How do you intervene through humor? Feel free to comment.

Classroom Management Series: Start Strong

Kid starts strong to demoralize the competition.

Start Strong?


I have to say that I hate it when people say this but it really is good advice….if you know what they are talking about. Start strong? What does that really mean?

In my experience this does not mean start with a body-builder’s physique. I am sure that does something for the intimidation of students but that is not a goal I generally support. This goes along with the idea that you should not smile until December. You should smile on day one – not smiling is not starting strong but starting scary. Student fear and parental trepidation do not make the classroom an inviting learning environment.

Starting strong means setting higher expectations and following strictly to rules and procedures in an effort to make these guidelines clear. With this heavier handed start a teacher can always back off an untenable position. If a teacher starts off “soft” or tentatively; instituting strict policies becomes more difficult. Students rebel when they perceive that they are losing power or control. Also increasing expectations often result in confusion whereas allowing more freedom from a highly structured environment comes with an expectation that previous strictures’ reinstatement remains possible and even probably depending on student performance.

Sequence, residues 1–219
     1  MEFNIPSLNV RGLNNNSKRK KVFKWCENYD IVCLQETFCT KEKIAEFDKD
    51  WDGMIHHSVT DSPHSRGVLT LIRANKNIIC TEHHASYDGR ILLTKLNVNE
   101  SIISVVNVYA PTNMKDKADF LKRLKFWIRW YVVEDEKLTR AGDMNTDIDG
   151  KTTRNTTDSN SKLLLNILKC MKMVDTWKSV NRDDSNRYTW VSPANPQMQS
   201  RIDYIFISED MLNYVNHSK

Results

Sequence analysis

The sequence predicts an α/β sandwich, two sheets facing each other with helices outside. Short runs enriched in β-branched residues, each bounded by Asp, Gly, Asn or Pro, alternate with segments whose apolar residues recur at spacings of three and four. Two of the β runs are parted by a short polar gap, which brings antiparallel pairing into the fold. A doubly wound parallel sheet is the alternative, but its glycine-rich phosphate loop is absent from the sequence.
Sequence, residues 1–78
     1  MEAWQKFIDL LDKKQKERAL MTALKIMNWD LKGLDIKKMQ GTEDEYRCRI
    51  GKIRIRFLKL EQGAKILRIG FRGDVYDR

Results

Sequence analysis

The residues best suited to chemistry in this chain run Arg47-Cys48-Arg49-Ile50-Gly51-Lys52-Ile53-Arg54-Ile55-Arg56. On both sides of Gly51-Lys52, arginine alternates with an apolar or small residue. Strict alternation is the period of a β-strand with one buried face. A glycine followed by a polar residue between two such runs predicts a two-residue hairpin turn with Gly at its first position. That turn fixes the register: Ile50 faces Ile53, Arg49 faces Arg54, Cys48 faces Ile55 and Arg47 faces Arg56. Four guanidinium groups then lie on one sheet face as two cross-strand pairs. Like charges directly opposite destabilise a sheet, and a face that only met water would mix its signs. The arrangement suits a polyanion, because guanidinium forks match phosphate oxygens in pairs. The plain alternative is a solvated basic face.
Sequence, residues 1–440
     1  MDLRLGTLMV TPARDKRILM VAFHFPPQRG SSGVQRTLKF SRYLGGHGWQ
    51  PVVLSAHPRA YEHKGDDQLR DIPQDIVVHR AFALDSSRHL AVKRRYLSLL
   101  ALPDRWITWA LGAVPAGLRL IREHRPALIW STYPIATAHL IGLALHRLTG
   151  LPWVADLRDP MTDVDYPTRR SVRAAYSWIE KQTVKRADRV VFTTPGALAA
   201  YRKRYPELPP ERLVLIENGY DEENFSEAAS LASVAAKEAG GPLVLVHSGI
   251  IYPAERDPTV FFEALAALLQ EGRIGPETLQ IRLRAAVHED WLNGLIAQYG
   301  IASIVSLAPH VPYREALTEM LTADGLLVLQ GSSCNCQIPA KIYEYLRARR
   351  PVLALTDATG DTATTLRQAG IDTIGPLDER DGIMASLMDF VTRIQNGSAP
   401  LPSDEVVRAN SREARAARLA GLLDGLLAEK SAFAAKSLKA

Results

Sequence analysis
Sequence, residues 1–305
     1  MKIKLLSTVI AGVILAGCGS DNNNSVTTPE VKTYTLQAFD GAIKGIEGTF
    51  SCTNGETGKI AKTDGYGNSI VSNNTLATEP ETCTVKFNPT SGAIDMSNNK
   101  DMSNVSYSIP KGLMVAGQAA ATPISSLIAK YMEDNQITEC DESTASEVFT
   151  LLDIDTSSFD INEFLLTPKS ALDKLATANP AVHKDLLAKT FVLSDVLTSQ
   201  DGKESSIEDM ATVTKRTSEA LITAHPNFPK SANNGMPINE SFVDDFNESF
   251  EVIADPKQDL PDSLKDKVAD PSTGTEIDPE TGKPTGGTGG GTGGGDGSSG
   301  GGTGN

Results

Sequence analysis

In my classroom I “start strong” with a week dedicated to learning classroom procedures and how their choices and activities in my classroom relate to school principles and values. Sometimes the experience can have a mind-numbing effect.

“How many times will I show them how I expect hand-ins handled?” 

“Do I really need to have them practice the ‘correct’ way to proceed from my room to the library?”

The short answer is yes. I do need to do these things. If I fail to emphasize these things in the beginning I get to spend the rest of the year explaining these procedures every time.

Later on in the year I can let go of the precise, “turn in your journals facing down as you exit the room with the spiral binding facing up,” to, “hand me you journals before you leave,” and expect students to easily revert to the previous method. This seems like a minor thing but in the course of a school year with all the transitions students need to make within the classroom – the little things add up!

So….start strong….but not like like the Hulk.

Bouncing: aka Kids on Errands